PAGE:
The expectation of the aspiration of the penis content procedure together with the knowledge of the possibility of complications from priapism, such as erectile dysfunction, evoke feelings of fear and concern. In our country, there is still a shortage of professionals able to perform the procedure of aspiration of the penis, which exposes men with SCD and priapism to a higher risk of complications due to delay in treatment.

The risk of erectile dysfunction increases as seeking help and treatment is delayed. This complication scares the man with SCD, reflecting his vulnerability to depression and the possibility of committing suicide. Although most of them fear sexual impotence, one of the participants reported that it is possible to live with erectile dysfunction provided there is a re-significance of sexual relation, so that pleasure for a man is not only linked to penetration.

It was a very difficult and painful procedure. I ended up with a sequel (erectile dysfunction), sex is not just penetration. So I learned to deal with it, make do with what you have, at first it was complicated, I will not lie, because the erection is an asset to man that you can't take away, you take whatever you want from a man, but do his erection, he gets mad, even suicidal - Zeus.

DISCUSSION

The sociodemographic and clinical profile of the participants in this study is consistent with the literature, that is low schooling, unemployment, low family income1414 Felix AA, Souza HM, Ribeiro SB. Aspectos epidemiológicos e sociais da doença falciforme. Rev Bras Hematol Hemoter. 2010;32(3):203-8. and age range of the first episodes of priapism1515 Furtado PS, Costa MP, Ribeiro do Prado Valladares F, Oliveira da Silva L, Lordêlo M, Lyra I, et al. The prevalence of priapism in children and adolescents with sickle cell disease in Brazil. Int J Hematol. 2012;95(6):648-51.. The higher frequency of late diagnosis of SCD in this study can be explained by the fact that mandatory early diagnosis is still recent in Brazil (National Neonatal Screening Program - 2001)1616 Braga JA. Medidas gerais no tratamento das doenças falciformes. Rev Bras Hematol Hemoter. 2007;29(3):233-8..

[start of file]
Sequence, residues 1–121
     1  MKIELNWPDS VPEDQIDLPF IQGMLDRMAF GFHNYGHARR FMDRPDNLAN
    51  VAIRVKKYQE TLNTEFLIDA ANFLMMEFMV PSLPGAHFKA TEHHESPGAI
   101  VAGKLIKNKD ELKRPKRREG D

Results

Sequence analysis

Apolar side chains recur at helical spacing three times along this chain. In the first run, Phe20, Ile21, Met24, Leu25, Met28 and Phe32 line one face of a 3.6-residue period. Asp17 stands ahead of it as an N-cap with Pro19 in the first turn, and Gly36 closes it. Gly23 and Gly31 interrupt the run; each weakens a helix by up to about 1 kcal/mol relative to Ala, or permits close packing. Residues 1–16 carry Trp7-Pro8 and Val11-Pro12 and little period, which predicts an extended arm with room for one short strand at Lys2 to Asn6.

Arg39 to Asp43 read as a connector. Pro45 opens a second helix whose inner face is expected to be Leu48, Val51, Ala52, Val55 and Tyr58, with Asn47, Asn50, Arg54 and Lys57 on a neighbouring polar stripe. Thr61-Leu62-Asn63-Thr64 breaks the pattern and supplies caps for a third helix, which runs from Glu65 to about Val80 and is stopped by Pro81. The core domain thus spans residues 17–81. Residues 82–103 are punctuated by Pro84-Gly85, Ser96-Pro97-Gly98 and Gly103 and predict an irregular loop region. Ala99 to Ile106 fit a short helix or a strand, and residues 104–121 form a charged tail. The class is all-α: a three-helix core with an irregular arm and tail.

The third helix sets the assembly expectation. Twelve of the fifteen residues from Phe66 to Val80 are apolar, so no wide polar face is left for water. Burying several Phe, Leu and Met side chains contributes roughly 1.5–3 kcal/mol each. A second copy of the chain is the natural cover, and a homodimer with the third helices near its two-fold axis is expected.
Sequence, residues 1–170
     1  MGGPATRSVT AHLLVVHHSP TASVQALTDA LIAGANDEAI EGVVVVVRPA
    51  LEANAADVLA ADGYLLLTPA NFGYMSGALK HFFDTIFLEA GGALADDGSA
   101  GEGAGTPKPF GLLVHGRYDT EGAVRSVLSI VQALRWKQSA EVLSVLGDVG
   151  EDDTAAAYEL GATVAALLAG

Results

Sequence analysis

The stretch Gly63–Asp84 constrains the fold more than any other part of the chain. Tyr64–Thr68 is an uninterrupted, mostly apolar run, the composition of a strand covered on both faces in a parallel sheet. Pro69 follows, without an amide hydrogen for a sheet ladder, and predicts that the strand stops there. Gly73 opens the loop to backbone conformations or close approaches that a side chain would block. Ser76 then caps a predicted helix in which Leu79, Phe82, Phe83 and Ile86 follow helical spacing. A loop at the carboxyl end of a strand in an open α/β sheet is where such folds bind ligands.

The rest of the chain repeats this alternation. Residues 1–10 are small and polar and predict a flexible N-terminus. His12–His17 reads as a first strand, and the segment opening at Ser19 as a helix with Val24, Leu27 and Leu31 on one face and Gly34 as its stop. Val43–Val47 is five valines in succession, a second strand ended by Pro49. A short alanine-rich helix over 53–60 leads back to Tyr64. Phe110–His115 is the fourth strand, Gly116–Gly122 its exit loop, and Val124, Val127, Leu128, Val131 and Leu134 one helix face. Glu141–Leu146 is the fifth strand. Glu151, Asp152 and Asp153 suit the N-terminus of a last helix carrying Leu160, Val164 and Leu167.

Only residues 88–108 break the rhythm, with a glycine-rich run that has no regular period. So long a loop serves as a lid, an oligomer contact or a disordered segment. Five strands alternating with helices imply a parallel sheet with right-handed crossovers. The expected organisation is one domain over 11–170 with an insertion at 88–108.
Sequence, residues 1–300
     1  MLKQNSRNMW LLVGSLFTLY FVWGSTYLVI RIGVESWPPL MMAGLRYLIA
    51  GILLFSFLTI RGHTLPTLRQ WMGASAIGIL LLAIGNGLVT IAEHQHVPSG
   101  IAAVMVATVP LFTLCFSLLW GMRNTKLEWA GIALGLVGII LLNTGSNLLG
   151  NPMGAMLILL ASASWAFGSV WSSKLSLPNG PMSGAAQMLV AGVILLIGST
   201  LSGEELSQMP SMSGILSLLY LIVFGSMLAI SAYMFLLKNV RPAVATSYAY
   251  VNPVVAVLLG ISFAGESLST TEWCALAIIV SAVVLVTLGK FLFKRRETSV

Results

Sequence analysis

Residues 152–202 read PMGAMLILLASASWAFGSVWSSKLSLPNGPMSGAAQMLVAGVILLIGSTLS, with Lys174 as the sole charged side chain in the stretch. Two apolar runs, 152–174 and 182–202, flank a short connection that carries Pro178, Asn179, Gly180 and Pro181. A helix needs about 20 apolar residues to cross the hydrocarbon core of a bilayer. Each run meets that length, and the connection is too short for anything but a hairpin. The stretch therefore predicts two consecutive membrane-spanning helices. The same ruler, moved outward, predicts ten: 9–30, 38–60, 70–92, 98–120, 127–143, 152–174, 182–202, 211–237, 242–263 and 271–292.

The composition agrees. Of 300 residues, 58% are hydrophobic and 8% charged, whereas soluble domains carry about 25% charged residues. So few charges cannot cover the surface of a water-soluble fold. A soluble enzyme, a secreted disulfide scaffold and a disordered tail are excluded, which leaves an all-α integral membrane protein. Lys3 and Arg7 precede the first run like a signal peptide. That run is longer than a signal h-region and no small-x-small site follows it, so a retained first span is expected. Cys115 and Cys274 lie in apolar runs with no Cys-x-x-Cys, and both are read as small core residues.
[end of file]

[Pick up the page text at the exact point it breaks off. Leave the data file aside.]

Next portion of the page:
The duration of priapism episodes of less than 4h characterizes intermittent priapism, usually nocturnal and handled successfully with home-based strategies and allows normal erectile function between episodes1717 Dupervil B, Grosse S, Burnett A, Parker C. Emergency department visits and inpatient admissions associated with Priapism among males with sickle cell disease in the United States, 2006-2010. PLoS One. 2016;11(4):2006-10.. However, there is an association between the increase in frequency and duration of the episodes of intermittent priapism preceding major acute attacks (>4h) of greater severity11 Broderick GA. Priapism and sickle-cell anemia: diagnosis and nonsurgical therapy. J Sex Med. 2012;9(1):88-103..

The use of strategies to handle priapism at home is an attempt to avoid long waits and attendance by female health professionals in emergencies - services seen as a last option. However, in more severe cases of priapism, the ineffectiveness of home strategies leads to the idea that priapism is an insoluble problem1818 Addis G, Spector R, Shaw E, Musumadi L, Dhanda C. The physical, social and psychological impact of priapism on adult males with sickle cell disorder. Chronic Illn. 2007;3(2):145-54..

Themes that involve the patients' sexuality, such as priapism, face silence from health professionals. Education for parents/caregivers on priapism is necessary since the childhood of boys with SCD, just as it is routine to approach the warning signs, teaching spleen palpation to recognize splenic sequestration, use of special drugs and vaccines, and other recommendations by health professionals66 Gomes LM, Pereira IA, Torres HC, Caldeira AP, Viana MB. Acesso e assistência à pessoa com anemia falciforme na Atenção Primária. Acta Paul Enferm. 2014;27(4):348-55..